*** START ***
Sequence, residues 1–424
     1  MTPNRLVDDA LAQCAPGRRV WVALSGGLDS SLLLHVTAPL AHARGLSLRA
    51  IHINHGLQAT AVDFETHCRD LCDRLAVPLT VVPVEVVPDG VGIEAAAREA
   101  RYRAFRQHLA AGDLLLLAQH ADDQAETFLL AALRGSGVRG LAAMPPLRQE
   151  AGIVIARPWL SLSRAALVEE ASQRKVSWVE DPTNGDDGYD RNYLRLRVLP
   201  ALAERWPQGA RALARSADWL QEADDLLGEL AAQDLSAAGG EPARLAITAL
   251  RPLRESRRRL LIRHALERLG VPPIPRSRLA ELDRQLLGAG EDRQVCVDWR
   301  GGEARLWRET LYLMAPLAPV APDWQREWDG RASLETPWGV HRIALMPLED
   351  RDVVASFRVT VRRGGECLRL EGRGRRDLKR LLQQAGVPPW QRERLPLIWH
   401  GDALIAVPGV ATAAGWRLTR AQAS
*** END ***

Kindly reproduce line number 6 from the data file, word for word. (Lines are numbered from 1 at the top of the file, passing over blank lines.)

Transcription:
   201  ALAERWPQGA RALARSADWL QEADDLLGEL AAQDLSAAGG EPARLAITAL